Katherine MacIvor

In their presentations to a packed room in the library at the Munk School’s Observatory site, Randall Hansen and Takashi Fujitani contributed to greater understanding and public knowledge of wartime bombing, needless civilian deaths, and morality, as well as the role of racism in military strategy and decision-making – issues that remain crucially relevant to current affairs today.

Bringing together scholars from diverse backgrounds to better understand Asia and its increasingly influential role in global affairs is at the core of the Asian Institute’s mission. Our October 1, 2018, event showcased a prime example of how the Asian Institute works to further interdisciplinary and collaborative research.

The Asian Institute welcomed Professor of Political Science Randall Hansen for his talk, “The Firebombing of Japan: Motivations, Morality and the Effect on the Japanese Surrender.” Hansen is the Interim Director of the Munk School of Global Affairs and Public Policy, as well as the Director of the Centre for European, Russian, and Eurasian Studies, but his lecture at the Asian Institute was in his capacity as a renowned scholar of the impact of war on civilians. Building on the research in his bestselling book Fire and Fury: the Allied Bombing of Germany (Penguin, 2009), which questions the morality and effectiveness of Allied bombing techniques that led to widespread civilian casualties in Germany during World War II, Monday’s talk gave Hansen the opportunity to share the research he has since done to examine similar bombing techniques that were deployed during the same period in Japan.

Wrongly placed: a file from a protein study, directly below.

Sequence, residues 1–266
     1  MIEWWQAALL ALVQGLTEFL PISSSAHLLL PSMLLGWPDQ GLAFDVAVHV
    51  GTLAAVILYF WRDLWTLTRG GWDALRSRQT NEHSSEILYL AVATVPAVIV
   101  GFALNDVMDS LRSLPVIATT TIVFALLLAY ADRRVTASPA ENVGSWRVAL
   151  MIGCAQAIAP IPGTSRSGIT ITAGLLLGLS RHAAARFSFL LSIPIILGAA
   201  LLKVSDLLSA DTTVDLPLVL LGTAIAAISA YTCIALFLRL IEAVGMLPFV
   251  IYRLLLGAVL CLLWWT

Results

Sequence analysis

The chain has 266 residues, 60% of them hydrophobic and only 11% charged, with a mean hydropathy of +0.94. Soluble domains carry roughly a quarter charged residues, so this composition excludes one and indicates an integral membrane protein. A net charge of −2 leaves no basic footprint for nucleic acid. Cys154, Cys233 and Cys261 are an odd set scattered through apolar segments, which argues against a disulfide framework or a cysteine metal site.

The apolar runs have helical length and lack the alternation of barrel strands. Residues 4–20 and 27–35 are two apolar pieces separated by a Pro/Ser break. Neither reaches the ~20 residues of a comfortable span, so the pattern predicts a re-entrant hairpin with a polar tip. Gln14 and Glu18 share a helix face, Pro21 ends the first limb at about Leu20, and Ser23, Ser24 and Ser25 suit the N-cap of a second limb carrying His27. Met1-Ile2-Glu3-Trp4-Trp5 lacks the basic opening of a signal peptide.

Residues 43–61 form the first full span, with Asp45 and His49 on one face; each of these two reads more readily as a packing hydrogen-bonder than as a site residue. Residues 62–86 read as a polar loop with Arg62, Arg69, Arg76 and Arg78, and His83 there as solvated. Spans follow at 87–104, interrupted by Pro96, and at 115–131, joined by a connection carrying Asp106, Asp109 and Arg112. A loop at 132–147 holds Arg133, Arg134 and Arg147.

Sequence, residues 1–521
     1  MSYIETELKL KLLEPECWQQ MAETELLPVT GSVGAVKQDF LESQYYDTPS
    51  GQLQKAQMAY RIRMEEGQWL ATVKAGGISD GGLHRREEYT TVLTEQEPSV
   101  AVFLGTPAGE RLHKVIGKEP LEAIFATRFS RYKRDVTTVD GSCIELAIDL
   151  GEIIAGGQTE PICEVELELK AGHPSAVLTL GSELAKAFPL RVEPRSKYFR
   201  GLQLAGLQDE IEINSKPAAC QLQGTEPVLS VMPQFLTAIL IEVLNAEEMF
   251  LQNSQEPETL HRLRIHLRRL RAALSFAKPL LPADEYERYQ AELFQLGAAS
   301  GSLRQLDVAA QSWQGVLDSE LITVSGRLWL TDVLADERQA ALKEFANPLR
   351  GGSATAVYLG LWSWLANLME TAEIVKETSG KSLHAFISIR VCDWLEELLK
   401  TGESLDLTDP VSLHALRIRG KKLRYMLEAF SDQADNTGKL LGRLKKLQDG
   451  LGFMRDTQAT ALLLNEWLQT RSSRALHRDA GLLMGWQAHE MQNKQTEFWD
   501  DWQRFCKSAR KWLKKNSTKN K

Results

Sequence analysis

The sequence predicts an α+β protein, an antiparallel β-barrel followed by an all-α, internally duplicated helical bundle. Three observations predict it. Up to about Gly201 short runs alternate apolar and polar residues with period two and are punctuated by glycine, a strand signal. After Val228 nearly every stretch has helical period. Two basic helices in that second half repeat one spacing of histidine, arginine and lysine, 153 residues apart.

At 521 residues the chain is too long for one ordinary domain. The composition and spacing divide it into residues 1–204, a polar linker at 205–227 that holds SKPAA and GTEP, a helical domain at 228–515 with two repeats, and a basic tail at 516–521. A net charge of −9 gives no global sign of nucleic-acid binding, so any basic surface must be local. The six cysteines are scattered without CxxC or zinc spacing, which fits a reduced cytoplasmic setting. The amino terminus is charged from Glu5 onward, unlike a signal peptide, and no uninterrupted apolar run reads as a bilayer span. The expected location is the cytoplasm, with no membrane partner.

As a scholar whose research has focused primarily on Europe, Hansen benefitted from the input of Professor Takashi Fujitani for this comparative research. A historian of modern Japan, Fujitani is the author of Race for Empire: Koreans as Japanese and Japanese as Americans during World War II (UC Press, 2011). In addition to providing scholarly input on the research, Fujitani connected Hansen with PhD student Asako Masubuchi from East Asian Studies to perform translations of Japanese texts. Fujitani, the Dr. David Chu Professor in Asia-Pacific Studies at the Asian Institute, also served as discussant at the event. The talk was chaired by Professor Andre Schmid of East Asian Studies.

Hansen’s presentation explained the American shift from precision bombing to area bombing of Japan in World War II, described in vivid detail what it was like to experience the destruction and devastation of the firebombing of Tokyo, and examined the role – if any – played by firebombing in the Japanese surrender. The area bombing campaign led to the destruction of six major Japanese cities, with more than 50% of these cities turned to rubble and ashes. In the firebombing of Tokyo alone, between 80,000-100,000 people were killed – the single largest death toll of any conventional bombing raid in human history (compared to 37,000 in Hamburg, the largest bombing raid in Germany). Examining the issue of morality, Hansen posed that an argument could be made to justify these civilian casualties if they led to a swifter conclusion of the war. However, he concluded that the Japanese surrender had more to do with other factors such as the Soviet invasion, and the firebombing played at most a complementary role.

In his response, Fujitani supported Hansen’s premise that firebombing exerted minimal effect on Japan’s surrender, adding that Japan’s intense desire to maintain the institution of the emperor contributed to its deferred surrender. Fujitani then pivoted from Hansen’s implicit question of “What caused Japan to surrender?” to ask “Why did the US drop the atomic bomb on Japan?” noting how the decision was informed by the issue of race. Fujitani pointed to anti-Japanese/anti-Asian sentiment and law in nineteenth and twentieth century America, which created a predisposition to “not be more careful” in dropping the bomb.

Photos by Dhoui Chang (click to enlarge).